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Something’s fishy: Local teachers attend Trout in the Classroom training

Retired teacher and aquarium guru Alan Morrison demonstrates tank setup with new Trout in the Classroom teachers at their recent training at Grizzly Creek Ranch. Mr. Morrison was one of the first educators in Plumas County to raise trout in his classroom approximately 20 years ago. Photos courtesy Trout Unlimited
Feather Publishing

Something was certainly fishy for participants who attended a recent Trout in the Classroom training at Grizzly Creek Ranch. In fact, trout were the main topic of conversation at the workshop sponsored by Feather River Trout Unlimited. Educators from Plumas, Lassen and Sierra counties gained skills required to set up and maintain a 10-gallon mini-hatchery to raise trout in their own classrooms.

For approximately six weeks in the spring, participating K-12 teachers and their students will care for a tank filled with 30 – 40 trout eggs delivered from the state’s trout hatcheries by Trout Unlimited members. Students observe life cycle changes from egg to yolk-sac stage to tiny fry and eventually release their trout in a state-approved stream before the end of the school year. Nearly 20 teachers in the upper Feather River watershed are currently enrolled in the program.

Local coordination for this program is provided by Trout in the Classroom coordinator Kristy Hoffman, a watershed educator who is also an experienced angler. Joe Ferreira, California Department of Fish and Wildlife, covered permitting and fish release requirements. Retired teachers Alan Morrison and Brenda Ross provided expertise with aquarium setup. Chapter members Bill Copren and Tim Kurdupski explained the egg delivery day, usually in April. A highlight of the day included local fishing guide Bill Forward of Forward Bound and Trout Unlimited member Wayne Cartwright contributing flycasting lessons to the group. Within minutes of guided practice, participants sported colorful lines unfurling effortlessly behind them on a gorgeous November day.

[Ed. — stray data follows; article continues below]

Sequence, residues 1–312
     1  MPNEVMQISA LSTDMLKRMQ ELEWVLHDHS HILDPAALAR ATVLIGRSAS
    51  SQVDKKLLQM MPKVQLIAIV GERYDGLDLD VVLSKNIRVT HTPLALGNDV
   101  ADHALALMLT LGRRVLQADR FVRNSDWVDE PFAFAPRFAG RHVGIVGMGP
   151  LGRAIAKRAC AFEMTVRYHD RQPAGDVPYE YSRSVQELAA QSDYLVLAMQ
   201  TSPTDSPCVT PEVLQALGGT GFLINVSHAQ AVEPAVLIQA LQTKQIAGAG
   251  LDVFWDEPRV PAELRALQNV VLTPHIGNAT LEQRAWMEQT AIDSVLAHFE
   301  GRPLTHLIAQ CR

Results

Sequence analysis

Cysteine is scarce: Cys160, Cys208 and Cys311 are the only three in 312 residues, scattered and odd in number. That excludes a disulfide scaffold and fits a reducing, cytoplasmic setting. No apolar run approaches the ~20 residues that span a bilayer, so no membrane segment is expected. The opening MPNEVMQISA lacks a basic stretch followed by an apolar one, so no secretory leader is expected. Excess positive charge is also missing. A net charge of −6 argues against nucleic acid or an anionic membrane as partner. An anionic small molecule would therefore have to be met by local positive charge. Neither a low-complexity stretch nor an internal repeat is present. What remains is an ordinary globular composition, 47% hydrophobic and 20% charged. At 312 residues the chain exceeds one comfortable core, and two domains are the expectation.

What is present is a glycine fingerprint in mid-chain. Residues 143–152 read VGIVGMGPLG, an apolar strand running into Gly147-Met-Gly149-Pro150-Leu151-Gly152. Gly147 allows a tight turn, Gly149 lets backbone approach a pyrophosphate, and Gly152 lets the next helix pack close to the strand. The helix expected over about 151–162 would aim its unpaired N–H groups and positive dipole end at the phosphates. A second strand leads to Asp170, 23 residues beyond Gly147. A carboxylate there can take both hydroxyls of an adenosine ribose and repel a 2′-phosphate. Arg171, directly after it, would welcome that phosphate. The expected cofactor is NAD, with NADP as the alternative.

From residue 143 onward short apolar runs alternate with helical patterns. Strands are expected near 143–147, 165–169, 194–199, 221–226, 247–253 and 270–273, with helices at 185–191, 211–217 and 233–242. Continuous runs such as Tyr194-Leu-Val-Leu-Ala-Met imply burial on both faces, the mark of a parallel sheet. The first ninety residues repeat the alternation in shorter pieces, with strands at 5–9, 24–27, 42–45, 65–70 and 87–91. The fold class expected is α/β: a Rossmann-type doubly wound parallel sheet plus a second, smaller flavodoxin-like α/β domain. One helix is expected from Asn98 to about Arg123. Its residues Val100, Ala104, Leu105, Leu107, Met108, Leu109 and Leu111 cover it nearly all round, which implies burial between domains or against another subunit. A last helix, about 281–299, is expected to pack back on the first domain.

This much-needed training and equipment was supported by The Common Good Foundation, Grizzly Ranch Conservancy, the Rasmussen Foundation and the Plumas and Sierra County fish and game commissions.

If this project sounds intriguing, contact Chapter President Cindy Noble at 249-0444 or Trout in the Classroom coordinator Kristy Hoffman at 283-0455.


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